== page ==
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Let Us Use It

Let Us Use It.  Evening Chronicle (Newcastle, England), November 1, 2006

Byline: By Jane Picken

Health chiefs are again deliberating over if to make an anti-cancer drug, developed in the North East, available on the NHS.

The National Institute of Clinical Excellence (Nice) is deciding whether to give Alimta, developed by a team at Newcastle University, the green light.

It's the latest development in months of wrangling over the chemotherapy drug, which could help prolong the lives of people suffering from the asbestos-related cancer, mesothelioma.

The appeal for early use to Nice, by Alimta makers Eli Lilly and the Royal College of Nursing, has been backed by scores of MPs, including Fraser Kemp, MP for Houghton and Washington East, and Blaydon MP, David Anderson.

North East cancer patients wanting to use Alimta are also calling for Nice's most recent ruling to be overturned. Grandad-of-eight, Alan Thorpe, of Seaton Delaval, had begun a course of Alimta before Nice decided to stop its free use on the NHS.

"The drug has worked well for me and according to a CT scan my tumours have shrunk, so I'm hoping to take it again," explained former electrician Alan, 63, who was diagnosed with mesothelioma in March, at North Tyneside General Hospital.

"It's given me a new lease of life, as before I could barely walk. Since I took Alimta I've left my wheelchair in the garage. But I have to wait and see what Nice says. I really need this decision to be in my favour."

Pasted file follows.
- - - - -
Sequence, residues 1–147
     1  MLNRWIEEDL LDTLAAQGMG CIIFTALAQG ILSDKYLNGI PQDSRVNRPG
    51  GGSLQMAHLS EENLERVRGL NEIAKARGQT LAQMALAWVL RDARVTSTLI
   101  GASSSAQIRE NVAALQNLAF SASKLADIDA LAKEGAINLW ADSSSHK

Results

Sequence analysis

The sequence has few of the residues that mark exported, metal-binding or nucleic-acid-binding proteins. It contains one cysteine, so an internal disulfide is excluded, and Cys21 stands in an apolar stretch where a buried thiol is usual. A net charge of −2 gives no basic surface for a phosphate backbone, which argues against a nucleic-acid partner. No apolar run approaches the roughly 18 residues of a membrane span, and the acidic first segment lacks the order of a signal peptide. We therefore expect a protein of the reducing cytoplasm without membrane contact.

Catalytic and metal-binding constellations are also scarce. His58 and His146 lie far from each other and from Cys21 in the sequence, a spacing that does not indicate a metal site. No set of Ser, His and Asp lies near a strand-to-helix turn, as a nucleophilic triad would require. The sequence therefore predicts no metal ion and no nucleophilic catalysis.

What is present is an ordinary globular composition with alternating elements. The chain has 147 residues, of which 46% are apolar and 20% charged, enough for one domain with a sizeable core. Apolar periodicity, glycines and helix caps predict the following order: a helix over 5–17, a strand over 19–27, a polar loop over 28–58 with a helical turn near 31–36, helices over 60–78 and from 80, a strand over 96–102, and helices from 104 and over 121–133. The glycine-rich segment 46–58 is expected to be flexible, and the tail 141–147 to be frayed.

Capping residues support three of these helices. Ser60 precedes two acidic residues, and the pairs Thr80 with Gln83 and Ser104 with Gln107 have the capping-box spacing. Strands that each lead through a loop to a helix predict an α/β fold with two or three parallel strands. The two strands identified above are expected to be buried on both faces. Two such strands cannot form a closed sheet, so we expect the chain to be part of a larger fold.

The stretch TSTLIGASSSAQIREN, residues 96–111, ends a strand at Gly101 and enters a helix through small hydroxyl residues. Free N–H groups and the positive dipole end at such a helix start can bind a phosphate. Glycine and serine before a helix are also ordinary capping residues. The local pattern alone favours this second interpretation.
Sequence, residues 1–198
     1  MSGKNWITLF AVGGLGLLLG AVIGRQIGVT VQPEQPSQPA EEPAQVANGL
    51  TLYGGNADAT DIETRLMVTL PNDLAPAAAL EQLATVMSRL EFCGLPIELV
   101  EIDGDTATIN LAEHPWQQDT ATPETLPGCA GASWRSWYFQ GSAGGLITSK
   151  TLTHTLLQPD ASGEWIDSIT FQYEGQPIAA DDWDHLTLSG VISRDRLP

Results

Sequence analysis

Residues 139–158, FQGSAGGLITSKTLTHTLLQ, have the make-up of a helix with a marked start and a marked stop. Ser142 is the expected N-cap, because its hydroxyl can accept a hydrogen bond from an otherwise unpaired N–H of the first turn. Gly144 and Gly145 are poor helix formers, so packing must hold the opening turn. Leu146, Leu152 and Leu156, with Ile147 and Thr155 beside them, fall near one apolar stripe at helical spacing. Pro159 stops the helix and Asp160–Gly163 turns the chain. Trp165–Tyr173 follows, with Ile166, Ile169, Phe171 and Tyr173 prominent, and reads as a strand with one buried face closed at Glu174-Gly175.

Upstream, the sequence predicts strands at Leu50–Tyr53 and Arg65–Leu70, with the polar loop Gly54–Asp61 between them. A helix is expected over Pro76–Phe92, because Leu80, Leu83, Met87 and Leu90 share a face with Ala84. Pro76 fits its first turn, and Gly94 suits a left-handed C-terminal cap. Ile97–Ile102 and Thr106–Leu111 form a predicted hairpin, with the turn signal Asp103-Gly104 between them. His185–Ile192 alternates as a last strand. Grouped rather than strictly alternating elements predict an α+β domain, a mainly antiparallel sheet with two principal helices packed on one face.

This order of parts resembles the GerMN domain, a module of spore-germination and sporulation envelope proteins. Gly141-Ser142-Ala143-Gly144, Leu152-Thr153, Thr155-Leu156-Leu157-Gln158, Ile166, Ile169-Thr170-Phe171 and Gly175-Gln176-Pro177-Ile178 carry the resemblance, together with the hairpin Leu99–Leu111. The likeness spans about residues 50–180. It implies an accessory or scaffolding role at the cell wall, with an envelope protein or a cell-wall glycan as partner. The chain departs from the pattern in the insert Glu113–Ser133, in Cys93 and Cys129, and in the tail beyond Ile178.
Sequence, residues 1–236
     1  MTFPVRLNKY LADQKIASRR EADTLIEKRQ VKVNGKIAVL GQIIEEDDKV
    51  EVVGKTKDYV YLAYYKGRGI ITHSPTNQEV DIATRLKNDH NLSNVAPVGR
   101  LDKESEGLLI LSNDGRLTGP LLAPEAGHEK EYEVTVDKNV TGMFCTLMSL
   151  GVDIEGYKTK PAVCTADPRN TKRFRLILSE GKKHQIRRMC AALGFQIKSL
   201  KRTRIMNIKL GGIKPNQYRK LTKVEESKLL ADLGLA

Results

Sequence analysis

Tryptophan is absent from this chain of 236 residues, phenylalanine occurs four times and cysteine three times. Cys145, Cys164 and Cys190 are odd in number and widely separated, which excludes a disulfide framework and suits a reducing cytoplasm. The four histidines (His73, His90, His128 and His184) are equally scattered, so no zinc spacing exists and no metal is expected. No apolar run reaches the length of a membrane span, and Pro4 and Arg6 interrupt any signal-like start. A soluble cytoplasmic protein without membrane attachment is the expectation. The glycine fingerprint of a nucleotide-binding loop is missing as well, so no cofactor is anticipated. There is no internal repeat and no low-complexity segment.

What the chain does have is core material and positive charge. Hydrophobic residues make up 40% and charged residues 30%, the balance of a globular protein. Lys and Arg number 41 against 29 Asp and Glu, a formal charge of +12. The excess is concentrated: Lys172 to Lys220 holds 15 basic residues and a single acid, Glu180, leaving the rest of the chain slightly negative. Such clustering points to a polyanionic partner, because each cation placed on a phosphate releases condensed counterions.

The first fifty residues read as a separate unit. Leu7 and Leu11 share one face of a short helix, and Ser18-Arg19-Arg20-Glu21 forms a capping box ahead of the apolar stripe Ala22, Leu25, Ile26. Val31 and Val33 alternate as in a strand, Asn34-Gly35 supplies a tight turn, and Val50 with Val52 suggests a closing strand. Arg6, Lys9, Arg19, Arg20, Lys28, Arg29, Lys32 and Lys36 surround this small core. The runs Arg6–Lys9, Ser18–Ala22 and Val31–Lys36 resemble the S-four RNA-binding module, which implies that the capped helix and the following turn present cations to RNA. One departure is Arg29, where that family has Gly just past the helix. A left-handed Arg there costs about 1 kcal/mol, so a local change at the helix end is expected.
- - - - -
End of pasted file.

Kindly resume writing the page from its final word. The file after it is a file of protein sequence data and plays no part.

The appeal also comes as trials are due to start on a new form of Alimta in Newcastle this week.

Led by Professor Hilary Calvert, of Newcastle University, researchers will work with 100 North East patients to find better ways of using the drug, which the Chronicle campaigned for last year.

Earlier this month the Department of Health and Cancer Research UK announced they were giving pounds 2m to Newcastle University in a bid to create an experimental cancer drug centre.

The money will help turn scientific advances into treatments as quickly as possible for North cancer sufferers.

Chris Knighton, of Wallsend, has also raised money, totaling pounds 200,000, for research into the drug after her husband Mick died from mesothelioma in 2001.

"This drug has proved to be effective and it's cruel to think this could be denied to sufferers," said Chris, 59, who now runs the Mick Knighton Mesothelioma Fund.

"We can only pray Nice's decision is changed but people with mesothelioma don't have time to wait for Nice to make up their minds. This adds stress and concern to patients and their families."

Nice, which licenses and approves drugs for the NHS, decided not to recommend Alimta for free use in June, despite the Northern Cancer Network making it available last year.

Doctors appealed to Nice last week to change their ruling and a decision is expected in weeks.